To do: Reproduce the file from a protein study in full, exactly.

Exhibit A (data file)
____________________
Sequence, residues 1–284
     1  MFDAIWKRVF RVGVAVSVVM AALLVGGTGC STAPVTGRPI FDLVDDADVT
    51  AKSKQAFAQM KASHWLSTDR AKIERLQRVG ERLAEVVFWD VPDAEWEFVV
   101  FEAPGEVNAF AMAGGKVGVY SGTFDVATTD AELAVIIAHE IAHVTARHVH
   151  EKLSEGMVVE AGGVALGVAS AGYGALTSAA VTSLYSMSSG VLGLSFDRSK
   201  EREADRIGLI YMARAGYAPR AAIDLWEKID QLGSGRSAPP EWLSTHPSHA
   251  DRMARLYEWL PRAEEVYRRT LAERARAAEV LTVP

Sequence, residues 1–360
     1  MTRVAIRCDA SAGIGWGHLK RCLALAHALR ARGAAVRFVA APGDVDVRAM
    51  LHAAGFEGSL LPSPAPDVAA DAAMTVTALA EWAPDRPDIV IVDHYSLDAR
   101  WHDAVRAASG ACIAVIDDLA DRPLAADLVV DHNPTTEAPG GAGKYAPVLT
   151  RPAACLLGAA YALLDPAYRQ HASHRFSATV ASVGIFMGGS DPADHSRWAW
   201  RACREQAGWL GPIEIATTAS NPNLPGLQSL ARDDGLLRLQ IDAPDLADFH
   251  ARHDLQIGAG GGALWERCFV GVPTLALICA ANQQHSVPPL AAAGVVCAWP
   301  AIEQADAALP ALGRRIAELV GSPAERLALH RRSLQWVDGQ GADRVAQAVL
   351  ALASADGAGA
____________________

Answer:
Sequence, residues 1–284
     1  MFDAIWKRVF RVGVAVSVVM AALLVGGTGC STAPVTGRPI FDLVDDADVT
    51  AKSKQAFAQM KASHWLSTDR AKIERLQRVG ERLAEVVFWD VPDAEWEFVV
   101  FEAPGEVNAF AMAGGKVGVY SGTFDVATTD AELAVIIAHE IAHVTARHVH
   151  EKLSEGMVVE AGGVALGVAS AGYGALTSAA VTSLYSMSSG VLGLSFDRSK
   201  EREADRIGLI YMARAGYAPR AAIDLWEKID QLGSGRSAPP EWLSTHPSHA
   251  DRMARLYEWL PRAEEVYRRT LAERARAAEV LTVP

Sequence, residues 1–360
     1  MTRVAIRCDA SAGIGWGHLK RCLALAHALR ARGAAVRFVA APGDVDVRAM
    51  LHAAGFEGSL LPSPAPDVAA DAAMTVTALA EWAPDRPDIV IVDHYSLDAR
   101  WHDAVRAASG ACIAVIDDLA DRPLAADLVV DHNPTTEAPG GAGKYAPVLT
   151  RPAACLLGAA YALLDPAYRQ HASHRFSATV ASVGIFMGGS DPADHSRWAW
   201  RACREQAGWL GPIEIATTAS NPNLPGLQSL ARDDGLLRLQ IDAPDLADFH
   251  ARHDLQIGAG GGALWERCFV GVPTLALICA ANQQHSVPPL AAAGVVCAWP
   301  AIEQADAALP ALGRRIAELV GSPAERLALH RRSLQWVDGQ GADRVAQAVL
   351  ALASADGAGA